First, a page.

California's Curveball on Secure Communities

By 2013 the Obama administration hopes to run all arrest-related fingerprints through a U.S. database, identifying illegal immigrants in the process. Local law enforcement has resisted this, fearing it will hinder crimefighting in immigrant areas. Now the feds say participation is mandatory. But the case isn't closed: authorities in at least four states are exploring ways to thwart the program, called Secure Communities.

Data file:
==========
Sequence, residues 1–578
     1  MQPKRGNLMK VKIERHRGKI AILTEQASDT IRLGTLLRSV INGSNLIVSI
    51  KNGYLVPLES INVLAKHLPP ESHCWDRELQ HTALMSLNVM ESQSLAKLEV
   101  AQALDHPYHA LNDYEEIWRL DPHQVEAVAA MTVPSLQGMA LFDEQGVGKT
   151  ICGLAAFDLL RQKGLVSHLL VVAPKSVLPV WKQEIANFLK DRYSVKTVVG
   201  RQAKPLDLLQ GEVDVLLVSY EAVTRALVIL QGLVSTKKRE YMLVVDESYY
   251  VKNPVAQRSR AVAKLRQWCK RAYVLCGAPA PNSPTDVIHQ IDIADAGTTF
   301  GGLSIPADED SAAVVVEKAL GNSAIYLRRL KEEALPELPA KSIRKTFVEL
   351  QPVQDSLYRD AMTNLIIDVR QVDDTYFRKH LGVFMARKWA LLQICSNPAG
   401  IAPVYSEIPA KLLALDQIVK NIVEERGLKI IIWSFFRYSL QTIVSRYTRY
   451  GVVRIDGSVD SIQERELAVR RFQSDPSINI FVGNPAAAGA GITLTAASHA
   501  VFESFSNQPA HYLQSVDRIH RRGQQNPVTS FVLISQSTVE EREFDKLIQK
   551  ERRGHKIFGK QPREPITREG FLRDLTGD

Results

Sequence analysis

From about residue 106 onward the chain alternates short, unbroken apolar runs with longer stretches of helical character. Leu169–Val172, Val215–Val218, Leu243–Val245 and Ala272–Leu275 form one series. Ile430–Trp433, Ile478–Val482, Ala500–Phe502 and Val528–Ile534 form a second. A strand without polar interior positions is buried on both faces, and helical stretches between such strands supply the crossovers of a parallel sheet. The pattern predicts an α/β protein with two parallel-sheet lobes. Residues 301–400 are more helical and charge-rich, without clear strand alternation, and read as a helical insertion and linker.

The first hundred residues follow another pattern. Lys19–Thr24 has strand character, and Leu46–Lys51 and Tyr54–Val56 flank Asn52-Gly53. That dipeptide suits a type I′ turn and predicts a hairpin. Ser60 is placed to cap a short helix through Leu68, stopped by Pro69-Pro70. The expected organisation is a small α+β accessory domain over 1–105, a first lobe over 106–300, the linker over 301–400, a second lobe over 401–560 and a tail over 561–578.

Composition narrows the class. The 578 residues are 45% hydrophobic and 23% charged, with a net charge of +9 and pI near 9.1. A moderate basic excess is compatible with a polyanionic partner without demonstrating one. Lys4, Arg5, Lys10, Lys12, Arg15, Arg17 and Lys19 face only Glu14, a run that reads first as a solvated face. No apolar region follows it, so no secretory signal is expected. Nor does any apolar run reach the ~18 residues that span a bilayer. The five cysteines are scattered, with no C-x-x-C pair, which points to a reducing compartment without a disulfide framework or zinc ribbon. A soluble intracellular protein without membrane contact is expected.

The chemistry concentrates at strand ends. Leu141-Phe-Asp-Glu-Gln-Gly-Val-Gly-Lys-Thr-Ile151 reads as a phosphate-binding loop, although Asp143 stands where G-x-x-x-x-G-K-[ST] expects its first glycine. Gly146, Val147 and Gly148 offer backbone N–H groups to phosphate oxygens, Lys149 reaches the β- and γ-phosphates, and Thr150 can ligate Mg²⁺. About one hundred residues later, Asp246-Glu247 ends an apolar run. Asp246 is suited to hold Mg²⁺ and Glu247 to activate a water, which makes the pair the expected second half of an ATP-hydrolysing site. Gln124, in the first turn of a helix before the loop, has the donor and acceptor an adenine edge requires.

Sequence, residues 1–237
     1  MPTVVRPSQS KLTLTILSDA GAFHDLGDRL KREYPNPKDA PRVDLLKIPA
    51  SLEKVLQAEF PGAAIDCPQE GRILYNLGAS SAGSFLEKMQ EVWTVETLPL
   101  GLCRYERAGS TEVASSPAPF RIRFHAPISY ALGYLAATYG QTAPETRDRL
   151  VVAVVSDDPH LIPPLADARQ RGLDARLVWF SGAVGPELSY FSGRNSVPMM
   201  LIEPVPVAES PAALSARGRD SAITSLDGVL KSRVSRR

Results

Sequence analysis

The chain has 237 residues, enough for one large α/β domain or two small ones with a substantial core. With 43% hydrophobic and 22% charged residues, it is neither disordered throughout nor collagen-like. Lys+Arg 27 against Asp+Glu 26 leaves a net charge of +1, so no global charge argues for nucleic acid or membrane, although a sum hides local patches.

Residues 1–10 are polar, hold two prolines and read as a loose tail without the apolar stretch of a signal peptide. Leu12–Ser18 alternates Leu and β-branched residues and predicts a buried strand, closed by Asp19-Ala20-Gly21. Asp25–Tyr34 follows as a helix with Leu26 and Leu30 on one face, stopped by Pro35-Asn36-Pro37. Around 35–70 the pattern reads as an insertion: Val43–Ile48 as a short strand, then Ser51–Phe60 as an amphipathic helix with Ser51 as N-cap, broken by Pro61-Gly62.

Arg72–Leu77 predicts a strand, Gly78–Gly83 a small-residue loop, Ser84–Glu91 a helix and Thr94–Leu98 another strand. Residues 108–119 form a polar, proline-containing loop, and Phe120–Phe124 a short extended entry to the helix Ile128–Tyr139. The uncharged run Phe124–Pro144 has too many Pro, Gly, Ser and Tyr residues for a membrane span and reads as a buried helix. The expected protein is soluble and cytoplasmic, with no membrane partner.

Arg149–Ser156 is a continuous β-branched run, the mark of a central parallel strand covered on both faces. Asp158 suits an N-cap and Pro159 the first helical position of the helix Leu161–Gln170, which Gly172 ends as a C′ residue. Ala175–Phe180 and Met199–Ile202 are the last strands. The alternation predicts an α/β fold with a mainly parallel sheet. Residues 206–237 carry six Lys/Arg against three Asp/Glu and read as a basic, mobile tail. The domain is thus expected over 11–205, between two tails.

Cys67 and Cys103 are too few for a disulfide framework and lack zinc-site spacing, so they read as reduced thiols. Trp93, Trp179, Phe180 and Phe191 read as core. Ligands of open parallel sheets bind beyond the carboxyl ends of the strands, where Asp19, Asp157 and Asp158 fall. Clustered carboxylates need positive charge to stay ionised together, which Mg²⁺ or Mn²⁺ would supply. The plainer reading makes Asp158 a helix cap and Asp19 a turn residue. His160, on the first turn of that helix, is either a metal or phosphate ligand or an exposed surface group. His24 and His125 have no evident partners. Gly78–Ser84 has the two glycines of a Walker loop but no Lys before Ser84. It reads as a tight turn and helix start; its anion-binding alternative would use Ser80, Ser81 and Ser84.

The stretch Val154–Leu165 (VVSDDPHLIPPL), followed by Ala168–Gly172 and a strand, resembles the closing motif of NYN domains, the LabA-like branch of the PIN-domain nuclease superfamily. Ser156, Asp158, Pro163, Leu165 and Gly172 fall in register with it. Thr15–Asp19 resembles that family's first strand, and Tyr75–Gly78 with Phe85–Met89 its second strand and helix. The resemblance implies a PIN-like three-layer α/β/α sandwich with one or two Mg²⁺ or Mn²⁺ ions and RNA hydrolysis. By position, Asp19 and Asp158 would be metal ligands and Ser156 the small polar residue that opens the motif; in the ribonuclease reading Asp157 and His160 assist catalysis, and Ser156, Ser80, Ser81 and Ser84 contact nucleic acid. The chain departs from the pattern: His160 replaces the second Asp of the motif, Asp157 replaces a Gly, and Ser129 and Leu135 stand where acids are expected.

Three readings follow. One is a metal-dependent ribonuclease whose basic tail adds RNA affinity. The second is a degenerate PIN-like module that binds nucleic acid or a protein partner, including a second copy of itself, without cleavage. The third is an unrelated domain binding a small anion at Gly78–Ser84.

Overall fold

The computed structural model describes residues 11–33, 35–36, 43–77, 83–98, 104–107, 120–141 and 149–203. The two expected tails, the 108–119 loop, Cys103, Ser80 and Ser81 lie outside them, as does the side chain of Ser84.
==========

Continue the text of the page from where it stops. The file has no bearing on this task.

The sheriff of El Paso, Texas, says he shares only those fingerprints associated with serious offenses. In Santa Fe, N.M., the county jail bars immigration agents from interviewing inmates--a common pre-deportation procedure--and doesn't alert officials before releasing people. The most applicable method may be in California, where Santa Clara and San Francisco officials say they may decline to hold nonviolent illegals until the feds can grab them. A spokesperson for Immigration and Customs Enforcement, which does not dispute the legality of these tactics, defended Secure Communities as "a shining example" of cooperation.